We might not be sure if Hope can continue to live so discretely without his presence, though the poem comes full circle when the nihilist mourners, by turning their backs on Hope in protest, enact "the kind of negation that [the nihilist].../would have thought might lead somewhere,/might even have thought was hopeful." The poem has managed to construct a merry-go-round of sorts, the uroboros of one truth eating another's tail and being eaten by it as well. Even within the circle we might find peculiarities, different dispositions.

It might have taken a wonderful and sustained poem like "Loves" in Landscape at the End of the Century for Dunn to openly declare without compromise and with a sense of joy: "Here is where loveliness can live with failure, and nothing's complete. I love how we go on." The inclusive gesture admits both qualities into our lives without settling on the partial or avowing "that nothing can be done but know/nothing can be done" ("Amidst the Faltering"/Work and Love); it prefers to celebrate how in spite of the fragmentary and incomplete character of the world, or maybe even because of it, we can choose to accept both sides of ourselves, recognizing our hates for what they are but able to love and be loved. The pivotal word here is "choose," and the choice that we make is underscored by our understanding of just what our choices are. It is important that our acts be substantiated by our knowledge of the world in all its circumstances, from the heroic to the monstrous, what Simone de Beauvoir, writing soon after the end of World War II, describes in The Ethics of Ambiguity as essential for our well-being:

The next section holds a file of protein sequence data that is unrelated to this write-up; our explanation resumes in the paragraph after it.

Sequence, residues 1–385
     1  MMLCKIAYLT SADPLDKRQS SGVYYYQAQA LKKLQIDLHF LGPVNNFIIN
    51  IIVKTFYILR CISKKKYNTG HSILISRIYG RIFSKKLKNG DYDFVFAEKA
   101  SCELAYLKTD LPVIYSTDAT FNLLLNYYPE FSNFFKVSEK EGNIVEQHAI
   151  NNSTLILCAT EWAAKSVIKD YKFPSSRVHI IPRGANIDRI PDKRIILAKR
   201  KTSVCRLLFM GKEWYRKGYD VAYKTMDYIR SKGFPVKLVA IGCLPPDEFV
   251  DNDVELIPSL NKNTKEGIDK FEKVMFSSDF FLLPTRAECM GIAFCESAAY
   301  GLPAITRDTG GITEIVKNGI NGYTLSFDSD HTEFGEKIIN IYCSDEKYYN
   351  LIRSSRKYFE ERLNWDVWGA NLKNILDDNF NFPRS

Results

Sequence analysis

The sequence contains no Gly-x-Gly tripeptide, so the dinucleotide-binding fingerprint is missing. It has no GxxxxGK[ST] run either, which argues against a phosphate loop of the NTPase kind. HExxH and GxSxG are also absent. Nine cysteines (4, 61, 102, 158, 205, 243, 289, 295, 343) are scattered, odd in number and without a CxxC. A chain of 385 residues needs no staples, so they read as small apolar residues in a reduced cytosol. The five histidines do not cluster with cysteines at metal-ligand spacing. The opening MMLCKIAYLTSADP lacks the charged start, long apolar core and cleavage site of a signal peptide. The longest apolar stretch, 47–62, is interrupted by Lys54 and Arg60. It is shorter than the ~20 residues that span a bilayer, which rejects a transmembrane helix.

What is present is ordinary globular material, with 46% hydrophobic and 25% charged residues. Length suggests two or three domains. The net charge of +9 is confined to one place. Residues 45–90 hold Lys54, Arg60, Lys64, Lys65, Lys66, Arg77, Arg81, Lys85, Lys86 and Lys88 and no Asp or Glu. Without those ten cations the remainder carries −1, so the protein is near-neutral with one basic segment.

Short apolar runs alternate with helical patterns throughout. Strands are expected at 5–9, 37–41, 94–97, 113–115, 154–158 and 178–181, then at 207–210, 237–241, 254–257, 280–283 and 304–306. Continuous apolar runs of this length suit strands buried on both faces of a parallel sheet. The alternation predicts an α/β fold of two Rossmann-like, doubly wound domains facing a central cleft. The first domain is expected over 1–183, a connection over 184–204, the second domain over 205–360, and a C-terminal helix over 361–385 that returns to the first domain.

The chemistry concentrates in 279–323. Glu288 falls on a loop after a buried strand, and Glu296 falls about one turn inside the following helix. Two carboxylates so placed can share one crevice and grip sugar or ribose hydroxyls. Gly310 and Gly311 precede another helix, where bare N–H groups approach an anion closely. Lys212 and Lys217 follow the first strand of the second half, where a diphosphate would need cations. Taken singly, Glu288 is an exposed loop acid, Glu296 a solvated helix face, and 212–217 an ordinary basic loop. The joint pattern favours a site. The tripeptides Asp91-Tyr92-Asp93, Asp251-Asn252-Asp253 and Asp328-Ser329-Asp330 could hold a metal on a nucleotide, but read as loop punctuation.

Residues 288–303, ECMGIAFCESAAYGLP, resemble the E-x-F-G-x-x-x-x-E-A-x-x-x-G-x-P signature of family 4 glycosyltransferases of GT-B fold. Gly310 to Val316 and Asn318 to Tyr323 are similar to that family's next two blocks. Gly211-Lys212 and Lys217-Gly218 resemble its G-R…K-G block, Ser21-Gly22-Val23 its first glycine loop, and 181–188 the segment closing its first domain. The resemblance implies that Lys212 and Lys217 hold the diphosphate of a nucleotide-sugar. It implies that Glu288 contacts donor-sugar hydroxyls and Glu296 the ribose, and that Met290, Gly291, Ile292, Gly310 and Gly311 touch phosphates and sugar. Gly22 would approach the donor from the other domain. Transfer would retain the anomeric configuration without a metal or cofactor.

There was Stalingrad and there was Buchenwald, and neither of the two wipes out the other. Since we do not succeed in fleeing it, let us therefore look the truth in the face. Let us try to assume our fundamental ambiguity. It is in the knowledge of the genuine conditions of our life that we must draw our strength to live and our reason for acting.